Policy limits free speech, access


Students and faculty gather in the quad for a press conference regarding demands for SF State, President Wong on the eighth day of the hunger strike on Monday. The hungerstrike is led by the Third World Liberation Front 2016, a name used to pay homeage to the 1968 strike. (Aleah Fajardo/ Xpress)

Students and faculty gather in the quad for a press conference regarding demands for SF State, President Wong on the eighth day of the hunger strike on Monday. The hungerstrike is led by the Third World Liberation Front 2016, a name used to pay homeage to the 1968 strike. (ALEAH FAJARDO/ Golden Gate Xpress)



The SF State chapter of Students for Quality Education, a statewide organization that promotes quality, affordable and accessible education, is concerned the University’s restrictive Time, Place and Manner policy coupled with a slow bureaucratic process limits campus freedom of speech.

The Time, Place and Manner policy dictates where, when and how people can express themselves on campus, according to Vice President of Student Affairs and Enrollment Management Luoluo Hong.

The current policy makes it difficult for students to organize impromptu protests or reach out to the community through tabling, according to SQE representative Maria Rivera, but for SQE it’s nearly impossible.

The group first sent its application and appropriate information to the Office of Student Activity and Events in an effort to become a recognized and active organization in early February, but in the intervening months the University has dragged its feet.

“I should not be chasing after administrators to [get them to] do what they are paid to do,” said Rivera, who uses the pronoun “they.” “I have not had the time to seek them out because I’m a full-time student and I work. The outcome is that the semester is almost over and we still haven’t been approved.”

They said the draconian limitation Time, Place and Manner imposes on the decibel level of campus protests is an especially concerning aspect of the policy.

“It’s a maximum of 75 decibels,” they said. “That’s between the sound of a vacuum and a blender. And we checked online and another reference [for comparison] we got was the sound of a washing machine.”

Hong said the amendment to include the provision about noise limitations is one of the main changes to the policy since she was hired in 2014. She said the additions to the policy were influenced by incidents like a protest that truncated the mayor of Jerusalem’s visit to campus as well as a string of fliers that used hateful rhetoric to target specific professors and students.

The restriction on sound amplification devices like bullhorns and stereos is to ensure that classroom lectures are not disturbed, according to Hong.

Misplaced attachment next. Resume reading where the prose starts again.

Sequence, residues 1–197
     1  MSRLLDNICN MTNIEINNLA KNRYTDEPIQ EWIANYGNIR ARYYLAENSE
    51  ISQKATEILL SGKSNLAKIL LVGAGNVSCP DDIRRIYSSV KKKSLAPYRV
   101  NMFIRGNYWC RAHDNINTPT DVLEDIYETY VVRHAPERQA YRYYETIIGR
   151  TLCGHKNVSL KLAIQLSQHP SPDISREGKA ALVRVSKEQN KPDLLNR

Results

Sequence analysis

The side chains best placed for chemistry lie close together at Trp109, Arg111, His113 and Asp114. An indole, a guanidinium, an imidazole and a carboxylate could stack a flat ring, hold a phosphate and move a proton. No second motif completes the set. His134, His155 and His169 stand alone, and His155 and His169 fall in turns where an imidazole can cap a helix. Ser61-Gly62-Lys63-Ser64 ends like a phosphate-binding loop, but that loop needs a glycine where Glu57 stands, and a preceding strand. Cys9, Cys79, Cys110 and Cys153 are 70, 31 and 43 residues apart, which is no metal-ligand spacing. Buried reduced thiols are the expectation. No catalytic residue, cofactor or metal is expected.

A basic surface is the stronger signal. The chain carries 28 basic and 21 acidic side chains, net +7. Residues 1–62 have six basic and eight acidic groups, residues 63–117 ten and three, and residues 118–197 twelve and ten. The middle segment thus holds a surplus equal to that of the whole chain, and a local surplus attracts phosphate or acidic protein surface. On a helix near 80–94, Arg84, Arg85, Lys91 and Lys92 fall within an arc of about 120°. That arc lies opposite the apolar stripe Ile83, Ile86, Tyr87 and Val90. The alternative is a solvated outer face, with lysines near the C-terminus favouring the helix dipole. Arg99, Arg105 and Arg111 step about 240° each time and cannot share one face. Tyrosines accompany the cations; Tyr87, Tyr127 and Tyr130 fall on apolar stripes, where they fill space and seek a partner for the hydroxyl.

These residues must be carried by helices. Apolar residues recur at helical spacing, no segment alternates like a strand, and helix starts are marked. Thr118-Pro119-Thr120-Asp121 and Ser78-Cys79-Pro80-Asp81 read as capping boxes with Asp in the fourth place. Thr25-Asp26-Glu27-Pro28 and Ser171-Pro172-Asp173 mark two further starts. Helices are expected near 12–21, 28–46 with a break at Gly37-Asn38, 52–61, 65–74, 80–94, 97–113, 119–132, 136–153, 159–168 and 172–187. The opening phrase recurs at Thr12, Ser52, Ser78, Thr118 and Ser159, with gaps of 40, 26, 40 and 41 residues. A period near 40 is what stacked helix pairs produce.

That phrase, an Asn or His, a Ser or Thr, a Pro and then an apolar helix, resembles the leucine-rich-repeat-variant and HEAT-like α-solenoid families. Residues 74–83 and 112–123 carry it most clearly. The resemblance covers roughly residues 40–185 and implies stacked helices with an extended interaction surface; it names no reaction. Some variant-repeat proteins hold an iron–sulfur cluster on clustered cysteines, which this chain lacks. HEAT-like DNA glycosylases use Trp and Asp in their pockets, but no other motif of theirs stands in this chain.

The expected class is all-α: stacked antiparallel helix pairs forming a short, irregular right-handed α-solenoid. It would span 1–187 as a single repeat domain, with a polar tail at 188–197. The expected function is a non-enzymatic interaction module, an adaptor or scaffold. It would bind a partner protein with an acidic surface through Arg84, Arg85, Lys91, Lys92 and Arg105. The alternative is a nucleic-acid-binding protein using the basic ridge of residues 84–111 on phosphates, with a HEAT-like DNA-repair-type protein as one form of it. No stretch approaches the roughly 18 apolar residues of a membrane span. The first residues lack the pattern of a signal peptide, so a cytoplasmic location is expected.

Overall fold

“We have a business to run,” Hong said in an interview with Xpress. “Students are learning and people need the ability to do their job. Those have to be protected—so it’s about how can we manage [Time, Place and Manner] so we can protect both at the same time.”

Rivera said it’s concerning that free speech has a decibel level limit while contractors working on the construction projects on Tapia Drive and Holloway Avenue have no such restriction. While the nearby construction noise is a disturbance, Hong said the changes to the policy do not apply to these projects.

There is no student collective bargaining group involved in the revision process, but the University met with focus groups and took student input before the policy was finalized in November 2017, according to Hong.

She said they listened to suggestions, but could not implement some of the requests.

“I would just keep in mind that we always have to comply with state and federal laws,” Hong said in an email. “In other words, we get many suggestions that would require us to engage in illegal actions and unfortunately, we cannot do that.”

Hong said balancing students’ freedom of speech on a diverse campus like SF State is a challenge because even hate speech is protected by the first amendment.

“We have to be content neutral,” Hong said. “And that, again, speaks to the freedom of expression piece, which is that the University has right to regulate Time, Place and Manner. We cannot differentially apply, or enforce the rules based on the content.”

At 26 pages, Hong said SF State’s policy document is the longest within the California State system because of the University’s history of social movements and protest for equity in the classroom and the workplace.

Rivera said because the policy is the longest in the state and pulls from the Student Code of Conduct and other CSU documents, it could be opaque to the average student.

“So if you’re a responsible student who wants to know everything, you have to spend an incredible amount of time tracking down what policy links to each document,” Rivera said. “And then [you have to] make sure that you can understand how it applies to you on campus.”

The most recent event that sparked unrest on campus was a two-day demonstration in the quad by an anti-abortion organization that displayed a two-story banner with graphic images of lynched Black men, Holocaust victims and Cambodian Death March victims, alongside images of what were purported to be fetuses, in an attempt to conflate genocide with abortion.

Hong said the University policy cannot control the content of expression, even if some members of the community view it as hateful.

But SF State Chapter President of the California Faculty Association James Martel said Time, Place and Manner has been used as a way to silence certain groups.

“It’s ironic that the University envisions itself as a beacon for social justice and academic freedom when it has one of the most draconian policies in the United States,” he said.